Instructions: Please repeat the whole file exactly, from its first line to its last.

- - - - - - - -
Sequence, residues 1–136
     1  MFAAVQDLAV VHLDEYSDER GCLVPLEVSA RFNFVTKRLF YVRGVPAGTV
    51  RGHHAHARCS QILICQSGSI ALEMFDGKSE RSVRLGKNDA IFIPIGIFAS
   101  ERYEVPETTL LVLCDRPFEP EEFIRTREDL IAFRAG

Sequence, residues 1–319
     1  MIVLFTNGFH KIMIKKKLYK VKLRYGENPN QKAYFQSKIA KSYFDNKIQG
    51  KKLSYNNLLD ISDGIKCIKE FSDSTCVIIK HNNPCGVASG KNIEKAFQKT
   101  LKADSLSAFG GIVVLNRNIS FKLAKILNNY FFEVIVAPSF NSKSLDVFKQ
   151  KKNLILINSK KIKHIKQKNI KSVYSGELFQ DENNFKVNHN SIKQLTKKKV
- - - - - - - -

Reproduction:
Sequence, residues 1–136
     1  MFAAVQDLAV VHLDEYSDER GCLVPLEVSA RFNFVTKRLF YVRGVPAGTV
    51  RGHHAHARCS QILICQSGSI ALEMFDGKSE RSVRLGKNDA IFIPIGIFAS
   101  ERYEVPETTL LVLCDRPFEP EEFIRTREDL IAFRAG

Sequence, residues 1–319
     1  MIVLFTNGFH KIMIKKKLYK VKLRYGENPN QKAYFQSKIA KSYFDNKIQG
    51  KKLSYNNLLD ISDGIKCIKE FSDSTCVIIK HNNPCGVASG KNIEKAFQKT
   101  LKADSLSAFG GIVVLNRNIS FKLAKILNNY FFEVIVAPSF NSKSLDVFKQ
   151  KKNLILINSK KIKHIKQKNI KSVYSGELFQ DENNFKVNHN SIKQLTKKKV